Now a 30-year-old – more on reaching that milestone later – DePippo represents a fast riser in an industry where talented professionals are being forced to wait longer for leadership positions because of the slowing and subsequent steadying of the golf economy.
What is it like being a superintendent in the shadows of Hollywood?
I always wanted to be in a big city. I have always been drawn to it; I have always wanted to try it out. That’s what first got me out here, wanting to be in a city where there’s a lot going on and a lot to do. LA is definitely unique. It’s perfect weather year-round. There are always people on the golf course. We have an event at some point during the month for all 12 months. There’s no low or dropdown like the winter you have back East. Our what you would call ‘off-season’ is the middle of February when Riviera hosts the Genesis Open. SoCal and Los Angeles is just a good, active golf area. There are a lot of great golf courses around here, especially in the private sector.
How did somebody from Philly who had lived in Pennsylvania his whole life make the transition to the West Coast so early in his career?
It’s a different way of life out here. Everybody who’s been out here gets soft-skinned from the weather. Every time I’m back East it’s a reminder of that. It’s not quite the same intensity as the East Coast, where the people have a little bit more grit, I guess you could say.
You had a good thing going at Aronimink with a great mentor in John Gosselin. There are a lot of great golf courses in Philadelphia. It would have been easy for you to stay in Philly. What convinced you to take the career and personal leap that you did?
I interned at Aronimink and had gone back as an assistant. I had a talk with one of the assistants I was underneath there, Matt Rogers, who’s now the superintendent at Gulph Mills Golf Club. He said, ‘At some point you have to go work somewhere else, learn a different program and be a supervisor at another property.’ I had nothing tying me down. As young as I was, I knew I was flexible. I always wanted to try the West Coast. I had always seen and heard about Pebble Beach, Torrey Pines, Los Angeles Country Club, Bel-Air and Riviera. I volunteered to work the Genesis Open at Riviera as a test run to see what it was like working in SoCal. I had a really good time. Between one of our morning and afternoon volunteer shifts, I threw a suit on and took a cab over to Los Angeles Country Club and did a quick interview with Russ Myers who was the director at the time. That was the beginning of it. It all clicked from there. I had a good vibe and I was blown away by it all, especially how great the weather was. I figured if I’m going to be working outside every day, I might as well do it where it’s perfect weather year-round.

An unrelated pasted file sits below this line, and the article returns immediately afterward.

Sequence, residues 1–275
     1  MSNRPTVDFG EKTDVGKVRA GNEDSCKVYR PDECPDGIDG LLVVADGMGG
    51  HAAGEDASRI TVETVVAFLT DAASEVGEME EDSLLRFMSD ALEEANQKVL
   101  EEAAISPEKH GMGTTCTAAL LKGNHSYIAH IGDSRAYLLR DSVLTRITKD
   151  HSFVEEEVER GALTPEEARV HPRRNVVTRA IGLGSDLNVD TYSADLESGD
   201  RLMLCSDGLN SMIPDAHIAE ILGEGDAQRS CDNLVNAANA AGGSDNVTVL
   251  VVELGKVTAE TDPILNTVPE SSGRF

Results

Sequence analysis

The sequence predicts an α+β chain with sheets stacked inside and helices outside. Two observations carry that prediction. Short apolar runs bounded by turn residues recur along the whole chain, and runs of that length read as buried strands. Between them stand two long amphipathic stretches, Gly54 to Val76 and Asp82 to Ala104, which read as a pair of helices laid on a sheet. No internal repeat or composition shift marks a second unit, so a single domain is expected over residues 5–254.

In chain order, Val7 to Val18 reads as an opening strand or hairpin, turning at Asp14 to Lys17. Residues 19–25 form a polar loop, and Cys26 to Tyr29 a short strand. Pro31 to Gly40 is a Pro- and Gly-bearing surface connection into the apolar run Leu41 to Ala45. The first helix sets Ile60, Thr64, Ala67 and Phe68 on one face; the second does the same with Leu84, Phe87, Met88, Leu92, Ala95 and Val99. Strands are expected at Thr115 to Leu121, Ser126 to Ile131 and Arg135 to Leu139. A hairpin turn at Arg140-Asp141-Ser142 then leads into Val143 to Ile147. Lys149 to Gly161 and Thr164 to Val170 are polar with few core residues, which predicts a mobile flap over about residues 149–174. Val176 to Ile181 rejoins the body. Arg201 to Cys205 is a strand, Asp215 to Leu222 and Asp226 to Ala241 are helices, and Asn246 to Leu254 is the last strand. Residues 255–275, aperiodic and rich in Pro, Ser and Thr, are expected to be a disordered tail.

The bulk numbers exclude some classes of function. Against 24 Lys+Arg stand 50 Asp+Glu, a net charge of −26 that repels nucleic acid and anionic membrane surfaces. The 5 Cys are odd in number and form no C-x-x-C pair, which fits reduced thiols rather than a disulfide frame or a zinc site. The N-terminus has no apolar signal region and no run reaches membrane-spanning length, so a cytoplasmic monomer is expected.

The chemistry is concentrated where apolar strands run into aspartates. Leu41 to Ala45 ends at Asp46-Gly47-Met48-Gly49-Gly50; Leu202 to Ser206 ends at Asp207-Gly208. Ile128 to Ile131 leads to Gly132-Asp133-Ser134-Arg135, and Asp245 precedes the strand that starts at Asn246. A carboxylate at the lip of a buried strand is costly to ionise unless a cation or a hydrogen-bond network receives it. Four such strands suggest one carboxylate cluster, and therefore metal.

When did you realize you would be in California for more than a few years?
Our industry is small. There are only 15,000 golf courses in the United States. Depending on the level of club you want to be at, you have to be flexible. I was always willing to go anywhere in the country for the right job. Timing just worked out great at Los Angeles Country Club. There was a good bit of movement and I was able to work my way up there until the end when I was North Course superintendent. We also hosted the Walker Cup and it was the same time the U.S. Amateur was in town at Riviera and Bel-Air was right up the street. It was a big year for golf in Los Angeles. Timing was great. A great club, a great opportunity. I definitely feel lucky in our industry to not have to move to take a superintendent job. The only thing that changed was the exit I take off the 405.
What were the challenges of arriving at Bel-Air in the middle of a restoration?
First thought is that you would say it’s a lot to walk into. You have to learn the old course and new course at the same time, in a very short amount of time. In my first construction meeting, one of the big-ticket items on the table was whether we were going to move the cart path and shift the tee box to the other side of the third tee and the eighth tee. Everybody was giving their opinion and it gets to me and I said, ‘Guys, I have to go see the third tee and the eighth tee before I can tell you.’ It was actually great being able to start fresh in a new job with new greens, new fairways, new tee complexes. Plus, all the new infrastructure. We started a new lease package with our equipment. It was a fresh start all-around. Being in a restoration on an old property and getting to work with Tom Doak was great as well. Timing-wise it couldn’t have been any better.